Bad picture, but that’s Changi Airport candy. The border agent (this time an older gentleman) gestured to a basket on the table next to him when I walked up. Candy. At immigration. They have ways of making me talk.
The rest of immigration at KL was easy. I didn’t have any bags to pick up and nothing to declare , so customs was essentially walking by a few customs guards near the door. Out in the arrivals area it’s open-air, which is another theme for this trip. There were a number of coffee shops and a McDonalds. Not really very different at all from your medium sized airport — the actual Kuala Lumpur International Airport is down the street a bit.
While I was waiting to meet X, some Malaysian guy came up to me and said:
Me: “Um, yeah I lived in Texas for a while..why?”
Him: “No, TEKSI”
Me: (realizing that “Teksi” is the Malaysian word for “Taxi”) “Oh….no, I have a ride already, thanks.”
X and I finally met up- she and her friend took me to dinner, and then to my hotel. X recommended I stay outside the city core to minimize commuting hassles, and referred me to a few different hotels that were a little further out. One of them is right next to a major horse racetrack. It’s called the Palace of the Golden Horses and to say that it’s ‘horse themed’ is a bit of an understatement.
After seeing the pictures on their website (linked above), and noting that (at least by American standards) the price was fairly reasonable for a “good hotel” and there really weren’t any other hotels outside the city core that approached its quality, I said “Hey, why not? I’ll splurge a little on the trip, it’ll be a nice place to stay, and I can laugh a little at the audacity of staying at ‘the Palace’.” So I booked a few nights there.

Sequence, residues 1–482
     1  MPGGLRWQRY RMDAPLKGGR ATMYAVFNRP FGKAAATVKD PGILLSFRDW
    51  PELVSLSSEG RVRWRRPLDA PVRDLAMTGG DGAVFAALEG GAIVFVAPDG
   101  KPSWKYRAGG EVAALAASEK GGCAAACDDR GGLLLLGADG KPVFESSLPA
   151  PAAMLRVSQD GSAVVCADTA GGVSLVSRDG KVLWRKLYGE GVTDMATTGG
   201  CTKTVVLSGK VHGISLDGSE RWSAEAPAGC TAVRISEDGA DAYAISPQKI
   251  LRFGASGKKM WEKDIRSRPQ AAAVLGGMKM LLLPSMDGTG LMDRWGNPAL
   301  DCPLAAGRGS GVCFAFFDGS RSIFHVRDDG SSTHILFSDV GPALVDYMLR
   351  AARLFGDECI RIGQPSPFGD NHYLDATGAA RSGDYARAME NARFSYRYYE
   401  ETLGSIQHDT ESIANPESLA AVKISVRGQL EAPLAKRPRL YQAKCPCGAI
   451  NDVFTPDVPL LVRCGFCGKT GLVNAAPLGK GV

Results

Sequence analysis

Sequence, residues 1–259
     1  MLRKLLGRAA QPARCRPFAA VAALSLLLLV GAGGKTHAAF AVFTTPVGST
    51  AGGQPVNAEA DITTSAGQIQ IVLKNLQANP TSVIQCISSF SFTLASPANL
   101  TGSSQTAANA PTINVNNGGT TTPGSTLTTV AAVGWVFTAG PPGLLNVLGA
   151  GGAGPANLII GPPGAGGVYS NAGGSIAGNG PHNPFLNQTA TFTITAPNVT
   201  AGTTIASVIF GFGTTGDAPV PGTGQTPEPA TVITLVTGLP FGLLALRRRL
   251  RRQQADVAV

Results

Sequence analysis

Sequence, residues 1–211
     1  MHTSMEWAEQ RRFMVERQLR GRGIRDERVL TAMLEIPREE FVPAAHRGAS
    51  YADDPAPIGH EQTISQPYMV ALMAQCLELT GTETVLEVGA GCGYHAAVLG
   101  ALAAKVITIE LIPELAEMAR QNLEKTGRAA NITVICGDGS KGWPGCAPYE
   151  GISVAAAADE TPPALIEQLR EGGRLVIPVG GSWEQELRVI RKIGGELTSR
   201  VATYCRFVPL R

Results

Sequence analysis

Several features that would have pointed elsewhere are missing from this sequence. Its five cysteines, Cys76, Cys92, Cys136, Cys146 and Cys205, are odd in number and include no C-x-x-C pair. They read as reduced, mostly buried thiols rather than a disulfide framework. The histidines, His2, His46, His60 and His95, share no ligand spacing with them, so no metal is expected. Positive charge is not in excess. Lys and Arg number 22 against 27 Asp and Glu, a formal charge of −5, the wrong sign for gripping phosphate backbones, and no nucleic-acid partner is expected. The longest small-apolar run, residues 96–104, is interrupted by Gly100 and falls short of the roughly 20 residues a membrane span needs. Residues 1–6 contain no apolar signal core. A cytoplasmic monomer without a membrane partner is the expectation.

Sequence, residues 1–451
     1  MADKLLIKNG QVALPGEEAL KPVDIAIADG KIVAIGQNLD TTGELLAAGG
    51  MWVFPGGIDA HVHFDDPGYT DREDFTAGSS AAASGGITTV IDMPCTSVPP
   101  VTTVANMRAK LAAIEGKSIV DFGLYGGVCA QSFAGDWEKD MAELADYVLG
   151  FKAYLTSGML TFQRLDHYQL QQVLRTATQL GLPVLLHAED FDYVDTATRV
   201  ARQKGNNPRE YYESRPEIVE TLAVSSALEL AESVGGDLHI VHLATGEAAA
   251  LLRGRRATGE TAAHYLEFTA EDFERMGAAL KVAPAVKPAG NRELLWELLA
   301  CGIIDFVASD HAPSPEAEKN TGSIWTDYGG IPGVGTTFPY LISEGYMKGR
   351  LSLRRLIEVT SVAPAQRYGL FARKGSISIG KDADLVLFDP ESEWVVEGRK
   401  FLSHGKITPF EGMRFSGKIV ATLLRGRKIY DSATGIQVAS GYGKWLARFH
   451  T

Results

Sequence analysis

Here’s some pics I took at the Palace. It’s a very nice hotel, although if you are doing the ‘tourist thing’ in KL, it’s not exactly easy to get from there to the touristy areas. But if you are a really big fan of horses, go for it.
You know that comment on Pink Floyd’s The Wall where the girl says “This bathroom is bigger than my apartment”? Yeah. This bathroom had to have been over 100 square feet. All of the shampoo/conditioner, etc bottles were horse-shaped too.
The room was incredibly large. I was disappointed that there wasn’t anything horse-themed on or in the wardrobe on the opposite wall, however. I had to look inside to make sure there wasn’t a horse stowed in there.
Note that even the mirror has horseshoes around the edges. What came to mind for me was the scene in Being John Malkovich where Malkovich sees through his own mind’s eye and everything and everyone is Malkovich. This hotel is like that, but with horses.
Okay, enough horse-dom (I almost said ‘horsing around’. Aren’t you glad I didn’t?). I was pretty wiped out from traveling and crashed fairly early. The next day X and I took in KL proper. She and her friend came by the hotel to pick me up, and we got dropped off at the nearest light-rail station.
KL has a pretty decent rail infrastructure. Their roads are hopeless mainly because they’ve been growing so fast. Nothing really goes in a straight line. They used to have issues with rail because up until a year or two ago they had a few train lines (one that goes from Singapore through KL to Bangkok up north) and an express line that goes to the airport, 2 different light rail lines, 2 commuter lines, and a monorail line, and they were all different companies with different payment systems. They’ve melded most of those (at least the light rail, commuter, and monorail lines) into one payment system with shared stations (and it’s incredibly cheap to travel around), so honestly the worst part about dealing with mass transit there aside from occasional crowding is the outdoor stations.
This is the Sultan Abdul Samad building, built in 1897. It was named after the Sultan who was in power at the time KL was founded (more on Sultans in a second). It now houses Malaysia’s Ministry of Information, Communications, and Culture.
This is a fountain at Merdeka (Independence) Square, which is across the street from the previous building. This, not surprisingly, is where Malaysia first raised the Malaysian flag in 1957 after gaining their independence from the British. Here’s a (hopefully short) historical recap: Much of south and southeast Asia had been colonized or at least controlled by European forces for hundreds of years. Indonesia used to be the Dutch East Indies. Siam (Vietnam, Cambodia, and Laos), the French. Singapore was a British trading post starting in 1819.